Travolta said in a promotional interview that he saw Battlefield Earth as being "like Pulp Fiction for the year 3000. Because I thought that Pulp Fiction was entertaining, but it was very evil in a lot of ways."
After it's production was hounded by bad press and allegations of the religion funding the production against studio executives advisement that the film was doomed for failure, critics were scathing.
Despite all accounts that The Church of Scientology had little involvement in the film, the release date happened to coincide with the 50th anniversary of the release of Hubbard's Scientology book Dianetics: The Modern Science of Mental Health.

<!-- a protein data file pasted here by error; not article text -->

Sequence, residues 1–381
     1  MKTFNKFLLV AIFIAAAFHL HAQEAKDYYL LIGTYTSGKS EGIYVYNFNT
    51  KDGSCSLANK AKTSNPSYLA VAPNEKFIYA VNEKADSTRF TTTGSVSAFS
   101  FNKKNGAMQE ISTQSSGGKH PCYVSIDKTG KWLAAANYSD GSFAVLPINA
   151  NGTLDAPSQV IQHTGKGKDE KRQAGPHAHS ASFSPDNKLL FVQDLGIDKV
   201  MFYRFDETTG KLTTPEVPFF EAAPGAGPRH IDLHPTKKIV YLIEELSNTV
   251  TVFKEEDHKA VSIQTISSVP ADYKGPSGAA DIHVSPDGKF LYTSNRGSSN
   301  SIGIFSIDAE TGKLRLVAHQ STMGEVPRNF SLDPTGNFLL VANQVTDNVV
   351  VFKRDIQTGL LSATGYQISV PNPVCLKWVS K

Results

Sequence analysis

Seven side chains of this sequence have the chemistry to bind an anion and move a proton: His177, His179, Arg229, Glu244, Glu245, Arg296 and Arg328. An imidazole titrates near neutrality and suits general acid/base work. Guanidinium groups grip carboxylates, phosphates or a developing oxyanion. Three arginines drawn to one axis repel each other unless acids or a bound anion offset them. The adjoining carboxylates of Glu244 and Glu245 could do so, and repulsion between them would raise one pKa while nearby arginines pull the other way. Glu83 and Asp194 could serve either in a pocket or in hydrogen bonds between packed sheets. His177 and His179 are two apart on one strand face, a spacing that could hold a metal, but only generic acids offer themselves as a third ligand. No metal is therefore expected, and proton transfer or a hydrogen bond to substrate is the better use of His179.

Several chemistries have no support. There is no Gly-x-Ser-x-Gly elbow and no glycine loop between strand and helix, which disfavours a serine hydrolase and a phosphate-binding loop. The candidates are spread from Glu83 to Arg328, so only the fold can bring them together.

Roger Ebert gave the film half a star. "Some movies run off the rails. This one is like the train crash in The Fugitive." He wrote in the Chicago Sun-Times, "I watched it in mounting gloom, realising I was witnessing something historic, a film that for decades to come will be the punch line of jokes about bad movies."
The film grossed $NZ16,794,984 ($US11,548,898) on its opening weekend then flattened to $NZ1,454,250 ($US1 million) by it's third week in cinemas.
Its eventual gross was $NZ43,228,545 ($US29,725,663) falling short of it's $NZ135,245,250 ($US93 million) dollar costs.
Travolta recently said about Battlefield Earth, "Picasso had sketches he didn't sell and weren't as popular as other things," which is indeed very true.
In this same interview, the reporter said she found it impossible to be called upon to ask a question, and somebody in the crowd of journalists referred to Travolta as "Master".